I have pre-sealed the surface with a couple of quick coats of Liberon finishing oil. This helps in case some resin goes on the wood; it is easier to remove. You can stain plywood with whatever you prefer but for this one I have left it raw. Once set, I use a Dremel with a variety of attachments to just carve away and make it appear like bark. It doesn’t matter if some is flat around the edges as this is precisely how it would appear if sawn from a larger piece. So far the time spent is absolutely minimal. To get to this stage is simply a matter of minutes.
The object is not to make the tree look like a bonsai, but to make the bonsai look like a tree.’ John Naka – American Bonsai Master. With those wonderful words from John Naka (August 16, 1914 – May 19, 2004) I’d like to welcome you to Bonsai-Passion. What started as an idea to start putting finger to keyboard in my early retirement has become a self-absorbing endeavour that somehow I doubt I will ever finish … and in all honesty I hope I don’t. The site is being worked on most days right now and one area I am hitting quite hard are case histories. As time goes on I shall have many more for you to see.
'Free' grafting, where the new branch or shoot is made using a scion completely removed from the donor plant prior to grafting, is a difficult technique to master. Free grafts have a failure rate, even when carried out by experienced nurserymen; for the amateur, the failure rate can be high. Alternatively, approach and thread grafting techniques utilise a scion to make a new branch or shoot that is still attached to the donor plant (very often the same plant that also receives the graft) and the scion is not separated from its donor until it is has successfully grafted in its new position.
If you have decided to try your hand at growing a bonsai tree, you are in for a real treat. While it takes a little time and patience to learn how to grow bonsai, the results are truly incredible. As you begin your search for the perfect tree, you will be faced with all types of options. For example, bamboo is a nice bonsai option that is reminiscence of true Japanese gardens. Then, you have the Braided Monkey Tree that is referred to in many Asian cultures as the “Bringer of Good Fortune”. When it comes to bonsai, this makes an excellent choice that is easy to care for and tolerant. Another option for bonsai is Jade tree, which makes an exceptional bonsai.
Threadgrafts are by far the easiest and most reliable grafts available to the bonsai enthusiast. Normally used to create new branches on a bonsai, a young, pliable shoot is threaded through the trunk of the tree. As the shoot grows and fattens, the cambium layers of the shoot and the trunk are forced together and a join or graft is made. Threadgrafts can also be used to attach new roots to a bonsai. With the English Hawthorn (Crataegus monogyna) below, a new root is required to improve the nebari (rootspread) of the tree and this is provided by thread grafting a young Hawthorn seedling.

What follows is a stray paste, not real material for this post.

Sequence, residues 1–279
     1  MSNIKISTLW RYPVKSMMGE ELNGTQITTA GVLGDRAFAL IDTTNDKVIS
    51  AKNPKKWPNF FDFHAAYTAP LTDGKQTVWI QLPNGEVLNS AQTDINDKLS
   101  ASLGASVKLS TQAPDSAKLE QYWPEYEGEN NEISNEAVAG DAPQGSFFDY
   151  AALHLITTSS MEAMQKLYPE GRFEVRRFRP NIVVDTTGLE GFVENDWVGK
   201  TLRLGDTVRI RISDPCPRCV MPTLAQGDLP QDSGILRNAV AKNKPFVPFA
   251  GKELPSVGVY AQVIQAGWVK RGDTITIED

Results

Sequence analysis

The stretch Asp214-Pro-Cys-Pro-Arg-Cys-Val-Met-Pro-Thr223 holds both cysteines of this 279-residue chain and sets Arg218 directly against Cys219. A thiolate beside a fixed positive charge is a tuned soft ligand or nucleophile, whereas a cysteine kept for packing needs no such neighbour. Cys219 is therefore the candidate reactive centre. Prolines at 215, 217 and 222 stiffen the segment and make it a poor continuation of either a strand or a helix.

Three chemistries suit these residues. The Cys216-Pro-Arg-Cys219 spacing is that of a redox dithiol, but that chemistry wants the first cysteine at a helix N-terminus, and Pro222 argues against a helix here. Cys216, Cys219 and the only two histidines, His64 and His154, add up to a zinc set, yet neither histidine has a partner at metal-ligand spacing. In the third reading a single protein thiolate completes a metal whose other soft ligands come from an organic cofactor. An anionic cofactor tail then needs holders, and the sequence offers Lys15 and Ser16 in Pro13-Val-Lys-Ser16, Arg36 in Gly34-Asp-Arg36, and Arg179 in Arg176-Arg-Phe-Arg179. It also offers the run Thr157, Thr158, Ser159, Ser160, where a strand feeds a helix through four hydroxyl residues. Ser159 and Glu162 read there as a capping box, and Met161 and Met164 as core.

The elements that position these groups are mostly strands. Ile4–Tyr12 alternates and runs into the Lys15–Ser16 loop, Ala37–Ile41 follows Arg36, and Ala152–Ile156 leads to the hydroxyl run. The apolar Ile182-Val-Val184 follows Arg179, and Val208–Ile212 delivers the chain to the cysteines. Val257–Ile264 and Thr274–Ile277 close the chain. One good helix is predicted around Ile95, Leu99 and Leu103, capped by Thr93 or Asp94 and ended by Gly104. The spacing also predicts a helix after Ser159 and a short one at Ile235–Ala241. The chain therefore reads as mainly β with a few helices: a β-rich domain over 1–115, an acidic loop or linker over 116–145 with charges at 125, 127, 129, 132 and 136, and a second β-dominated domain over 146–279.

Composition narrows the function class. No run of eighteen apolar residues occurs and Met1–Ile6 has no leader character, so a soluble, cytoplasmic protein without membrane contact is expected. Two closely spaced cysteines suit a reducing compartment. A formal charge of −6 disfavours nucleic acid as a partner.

If you have decided to try your hand at growing a bonsai tree, you are in for a real treat. While it takes a little time and patience to learn how to grow bonsai, the results are truly incredible. As you begin your search for the perfect tree, you will be faced with all types of options. For example, bamboo is a nice bonsai option that is reminiscence of true Japanese gardens. Then, you have the Braided Monkey Tree that is referred to in many Asian cultures as the “Bringer of Good Fortune”. When it comes to bonsai, this makes an excellent choice that is easy to care for and tolerant. Another option for bonsai is Jade tree, which makes an exceptional bonsai. Coming from South Africa, this plant is hearty and boasts succulent, green elliptic leaves and a thick trunk.
All sorts of flowering bonsai plants can be developed from seeds or cuttings and also from young trees. Like all plants, flowering bonsai plants need careful feeding, watering pruning and training at regular intervals so that they can grow healthy. They usually are grown in small containers which helps to get a desired shape by the application of wire coils. When you are going to buy a flowering bonsai there are three main aspects to consider;
The type of container
The position that the plant will occupy in the container
The choice of the plant type variety.
The Orange Jessamine is a material that is widely used for bonsai in the warmer areas of Southeast Asia. The plant is in the citrus family and it naturally gows as a very small tree or large shrub. Even in the ground it grows quite slowly, so large bonsai are hard to find and can be quite valuable. The picture shows one tree grown in the ground in Taiwan and documented to be 100 years old.
A Murraya said to be 100 years old. The Murraya has a three to four inch long compound leaf but the leaves are often cut back to only one pair of leaflets for bonsai display.The natural growth of the tree in the ground is generally straight but the surface rootage is nearly always quite good.
Growing bonsai indoors is one of the passions that has kept me enthralled with bonsai for nearly 30 years. During that time I have grown bonsai on windowsills and indoors under various types of artificial light. Over the years I have learned some crucial concepts about growing trees indoors. This article will present some of these ideas that may help you save time, effort and avoid killing trees in your indoor growing efforts.
Indoors is not indoors.